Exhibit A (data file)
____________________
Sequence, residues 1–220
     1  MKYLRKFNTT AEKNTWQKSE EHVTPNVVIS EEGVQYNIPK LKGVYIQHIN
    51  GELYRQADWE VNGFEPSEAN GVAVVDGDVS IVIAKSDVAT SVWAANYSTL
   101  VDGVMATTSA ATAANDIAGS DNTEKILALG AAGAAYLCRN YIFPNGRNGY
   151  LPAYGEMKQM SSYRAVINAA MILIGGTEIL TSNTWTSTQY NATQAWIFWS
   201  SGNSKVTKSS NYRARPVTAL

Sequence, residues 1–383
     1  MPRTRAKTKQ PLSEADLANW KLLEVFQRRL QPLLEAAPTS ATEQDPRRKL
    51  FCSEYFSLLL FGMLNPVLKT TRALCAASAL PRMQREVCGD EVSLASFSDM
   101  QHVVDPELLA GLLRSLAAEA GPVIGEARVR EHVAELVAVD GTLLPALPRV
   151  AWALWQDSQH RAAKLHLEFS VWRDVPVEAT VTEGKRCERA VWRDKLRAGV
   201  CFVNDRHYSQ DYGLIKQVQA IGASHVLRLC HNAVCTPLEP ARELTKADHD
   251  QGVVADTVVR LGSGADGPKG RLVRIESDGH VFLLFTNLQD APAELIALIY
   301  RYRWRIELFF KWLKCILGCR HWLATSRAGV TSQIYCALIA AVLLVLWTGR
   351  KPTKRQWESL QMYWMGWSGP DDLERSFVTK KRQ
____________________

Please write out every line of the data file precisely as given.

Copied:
Sequence, residues 1–220
     1  MKYLRKFNTT AEKNTWQKSE EHVTPNVVIS EEGVQYNIPK LKGVYIQHIN
    51  GELYRQADWE VNGFEPSEAN GVAVVDGDVS IVIAKSDVAT SVWAANYSTL
   101  VDGVMATTSA ATAANDIAGS DNTEKILALG AAGAAYLCRN YIFPNGRNGY
   151  LPAYGEMKQM SSYRAVINAA MILIGGTEIL TSNTWTSTQY NATQAWIFWS
   201  SGNSKVTKSS NYRARPVTAL

Sequence, residues 1–383
     1  MPRTRAKTKQ PLSEADLANW KLLEVFQRRL QPLLEAAPTS ATEQDPRRKL
    51  FCSEYFSLLL FGMLNPVLKT TRALCAASAL PRMQREVCGD EVSLASFSDM
   101  QHVVDPELLA GLLRSLAAEA GPVIGEARVR EHVAELVAVD GTLLPALPRV
   151  AWALWQDSQH RAAKLHLEFS VWRDVPVEAT VTEGKRCERA VWRDKLRAGV
   201  CFVNDRHYSQ DYGLIKQVQA IGASHVLRLC HNAVCTPLEP ARELTKADHD
   251  QGVVADTVVR LGSGADGPKG RLVRIESDGH VFLLFTNLQD APAELIALIY
   301  RYRWRIELFF KWLKCILGCR HWLATSRAGV TSQIYCALIA AVLLVLWTGR
   351  KPTKRQWESL QMYWMGWSGP DDLERSFVTK KRQ